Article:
Inter alia, LRI argues that plaintiffs' FLSA action must fail as a matter of law because LRI's written policies prohibited the wage violations alleged by the plaintiffs. (See Docket No. 93 at pp. 7-9, 21-22.) LRI also argues that plaintiffs' reliance on the Department of Labor Field Operations Handbook's twenty percent standard as the basis of the "side work" FLSA violation claim is fundamentally flawed as a matter of law. (See Docket No. 93 at pp. 16-17.) LRI also makes several fact-based arguments (e.g., LRI's timekeeping system does not allow for some of the actions of which LRI is accused). (See Docket No. 93 at p. 7.)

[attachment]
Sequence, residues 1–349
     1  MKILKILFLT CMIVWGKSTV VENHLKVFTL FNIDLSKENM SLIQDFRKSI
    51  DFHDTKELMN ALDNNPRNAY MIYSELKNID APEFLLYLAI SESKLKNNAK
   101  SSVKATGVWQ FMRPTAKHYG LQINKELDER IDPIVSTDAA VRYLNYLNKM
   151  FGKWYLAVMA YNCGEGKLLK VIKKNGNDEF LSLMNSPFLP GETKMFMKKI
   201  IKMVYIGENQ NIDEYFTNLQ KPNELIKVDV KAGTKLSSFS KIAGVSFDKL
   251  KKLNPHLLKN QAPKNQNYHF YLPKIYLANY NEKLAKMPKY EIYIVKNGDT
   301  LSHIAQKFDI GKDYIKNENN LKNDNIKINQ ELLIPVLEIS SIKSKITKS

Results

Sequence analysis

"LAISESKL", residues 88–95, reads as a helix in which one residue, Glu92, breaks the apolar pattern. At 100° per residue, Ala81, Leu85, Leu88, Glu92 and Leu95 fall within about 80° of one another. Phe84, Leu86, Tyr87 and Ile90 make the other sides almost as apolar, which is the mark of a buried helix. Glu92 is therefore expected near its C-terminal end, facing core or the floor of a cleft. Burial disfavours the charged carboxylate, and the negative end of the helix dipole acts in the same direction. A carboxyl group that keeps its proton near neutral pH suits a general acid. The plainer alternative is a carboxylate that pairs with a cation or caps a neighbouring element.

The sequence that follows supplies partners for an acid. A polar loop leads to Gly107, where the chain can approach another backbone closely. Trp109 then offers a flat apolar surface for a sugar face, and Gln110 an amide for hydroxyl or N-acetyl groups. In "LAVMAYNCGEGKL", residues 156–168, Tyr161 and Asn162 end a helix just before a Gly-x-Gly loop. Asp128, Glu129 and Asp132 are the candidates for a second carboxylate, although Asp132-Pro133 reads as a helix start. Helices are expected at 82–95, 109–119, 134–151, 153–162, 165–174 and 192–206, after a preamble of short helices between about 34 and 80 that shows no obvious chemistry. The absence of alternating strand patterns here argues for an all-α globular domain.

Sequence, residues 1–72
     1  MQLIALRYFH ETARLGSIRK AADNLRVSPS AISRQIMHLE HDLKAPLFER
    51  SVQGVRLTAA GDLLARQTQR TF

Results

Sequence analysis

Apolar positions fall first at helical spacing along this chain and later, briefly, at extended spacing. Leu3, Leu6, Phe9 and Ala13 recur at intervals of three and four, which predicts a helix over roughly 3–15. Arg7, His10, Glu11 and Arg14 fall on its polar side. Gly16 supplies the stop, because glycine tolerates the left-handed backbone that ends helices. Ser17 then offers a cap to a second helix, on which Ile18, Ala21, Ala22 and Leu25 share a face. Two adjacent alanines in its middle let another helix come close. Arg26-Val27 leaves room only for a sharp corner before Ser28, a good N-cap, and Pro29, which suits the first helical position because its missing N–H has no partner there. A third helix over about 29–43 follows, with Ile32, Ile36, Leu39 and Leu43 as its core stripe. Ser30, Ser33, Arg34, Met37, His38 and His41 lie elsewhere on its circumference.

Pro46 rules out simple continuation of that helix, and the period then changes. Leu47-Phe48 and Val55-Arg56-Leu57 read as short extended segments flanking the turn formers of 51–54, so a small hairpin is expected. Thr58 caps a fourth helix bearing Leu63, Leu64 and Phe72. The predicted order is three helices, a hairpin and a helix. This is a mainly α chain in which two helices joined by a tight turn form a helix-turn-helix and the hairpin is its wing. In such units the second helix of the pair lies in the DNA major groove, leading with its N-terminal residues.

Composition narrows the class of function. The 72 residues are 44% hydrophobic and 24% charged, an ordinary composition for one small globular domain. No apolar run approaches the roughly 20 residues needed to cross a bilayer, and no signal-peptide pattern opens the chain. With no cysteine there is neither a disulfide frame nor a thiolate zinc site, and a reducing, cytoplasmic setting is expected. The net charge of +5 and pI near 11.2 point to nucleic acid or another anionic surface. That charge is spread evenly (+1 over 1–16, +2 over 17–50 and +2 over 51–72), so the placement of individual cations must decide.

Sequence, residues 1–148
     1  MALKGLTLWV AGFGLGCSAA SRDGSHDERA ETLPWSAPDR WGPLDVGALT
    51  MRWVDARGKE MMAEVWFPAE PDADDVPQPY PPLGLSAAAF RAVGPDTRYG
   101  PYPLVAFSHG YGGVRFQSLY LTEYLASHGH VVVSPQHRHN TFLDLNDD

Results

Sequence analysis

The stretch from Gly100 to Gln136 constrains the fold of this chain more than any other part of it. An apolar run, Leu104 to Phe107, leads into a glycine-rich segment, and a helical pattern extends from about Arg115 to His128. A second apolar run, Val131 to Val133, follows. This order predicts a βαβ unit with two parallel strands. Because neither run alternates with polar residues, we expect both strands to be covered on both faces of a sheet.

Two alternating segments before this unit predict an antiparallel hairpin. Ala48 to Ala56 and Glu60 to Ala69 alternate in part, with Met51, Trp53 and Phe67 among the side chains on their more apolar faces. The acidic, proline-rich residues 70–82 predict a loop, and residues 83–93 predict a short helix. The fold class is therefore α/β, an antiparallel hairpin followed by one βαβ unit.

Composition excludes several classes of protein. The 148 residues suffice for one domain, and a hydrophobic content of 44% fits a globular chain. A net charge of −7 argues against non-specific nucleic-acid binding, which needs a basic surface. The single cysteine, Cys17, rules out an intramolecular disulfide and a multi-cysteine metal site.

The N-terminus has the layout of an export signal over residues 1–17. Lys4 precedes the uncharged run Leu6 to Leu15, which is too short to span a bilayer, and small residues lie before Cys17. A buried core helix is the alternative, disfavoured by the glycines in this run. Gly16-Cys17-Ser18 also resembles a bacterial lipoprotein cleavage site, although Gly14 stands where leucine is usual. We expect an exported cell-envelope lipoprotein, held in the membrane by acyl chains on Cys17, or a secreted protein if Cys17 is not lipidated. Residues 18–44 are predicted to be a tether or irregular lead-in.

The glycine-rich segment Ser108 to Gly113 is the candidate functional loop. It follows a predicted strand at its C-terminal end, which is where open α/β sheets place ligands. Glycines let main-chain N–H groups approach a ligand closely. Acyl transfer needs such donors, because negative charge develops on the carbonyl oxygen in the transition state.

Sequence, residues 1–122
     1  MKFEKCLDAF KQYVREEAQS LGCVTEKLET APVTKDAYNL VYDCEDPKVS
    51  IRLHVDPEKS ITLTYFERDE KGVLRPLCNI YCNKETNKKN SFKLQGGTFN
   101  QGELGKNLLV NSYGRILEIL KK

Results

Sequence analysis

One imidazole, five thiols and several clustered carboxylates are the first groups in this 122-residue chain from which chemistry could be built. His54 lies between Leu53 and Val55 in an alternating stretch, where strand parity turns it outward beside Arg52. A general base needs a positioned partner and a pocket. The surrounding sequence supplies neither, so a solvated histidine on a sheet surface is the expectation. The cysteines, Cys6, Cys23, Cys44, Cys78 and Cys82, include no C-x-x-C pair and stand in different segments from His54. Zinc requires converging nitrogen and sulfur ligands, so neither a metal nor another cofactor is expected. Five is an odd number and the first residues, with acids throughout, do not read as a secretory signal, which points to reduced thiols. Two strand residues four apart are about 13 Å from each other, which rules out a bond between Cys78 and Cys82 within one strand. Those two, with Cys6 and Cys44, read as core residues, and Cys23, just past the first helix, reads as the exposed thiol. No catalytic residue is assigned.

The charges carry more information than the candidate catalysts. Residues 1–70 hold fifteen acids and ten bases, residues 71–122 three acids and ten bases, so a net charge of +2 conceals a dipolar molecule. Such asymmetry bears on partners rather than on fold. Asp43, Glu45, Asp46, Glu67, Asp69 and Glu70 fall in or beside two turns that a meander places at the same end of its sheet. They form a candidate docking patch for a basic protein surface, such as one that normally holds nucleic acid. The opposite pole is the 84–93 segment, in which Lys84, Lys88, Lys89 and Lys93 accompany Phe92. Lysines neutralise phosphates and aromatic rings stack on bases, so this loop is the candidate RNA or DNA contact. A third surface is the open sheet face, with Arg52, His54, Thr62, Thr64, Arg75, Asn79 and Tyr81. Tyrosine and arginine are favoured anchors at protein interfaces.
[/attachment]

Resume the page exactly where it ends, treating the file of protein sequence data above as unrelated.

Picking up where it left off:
Similarly, the court will not review at this time LRI's argument that collective treatment should be denied because individualized issues would predominate over common ones. Specifically, LRI argues that the on-site management and employment experiences of the tipped employees at individual restaurants necessitates the individual examination of the plaintiffs' claims. (Docket No. 93 at pp. 24-26.) Courts have specifically held that "disparate factual and employment settings of the individual plaintiffs" are particular issues that are "appropriately examined under the second stage of the [certification] analysis" (i.e., in a motion for decertification), rather than at the motion for certification stage. White, 236 F.R.D. at 373 (citing Thiessen v. Gen. Elec. Capital Corp., 267 F.3d 1095, 1103 (10th Cir. 2001)); see also, e.g., Gambo v. Lucent Tech., Inc., No. 05-C-3701, 2005 WL 3542485, at *6 (N.D. Ill. Dec. 22, 2005) (holding notice may issue under the first stage of the analysis, even if it appears that the investigation and analysis required to determine whether the putative plaintiffs are similarly situated may prove to be sufficiently cumbersome such that a collective action may later be found inappropriate at the second stage). Indeed, "once [p]laintiffs have met their burden at the notice stage, [d]efendant[s] cannot overcome [p]laintiff[s'] showing by arguing that individual issues may dominate; rather, if, after notice to the putative plaintiffs it appears that individual issues do in fact dominate, the [d]efendant[s] may move the [c]ourt to decertify the class." White, 236 F.R.D. at 373; Noble, 2009 WL 1811550, at *10-11 (same).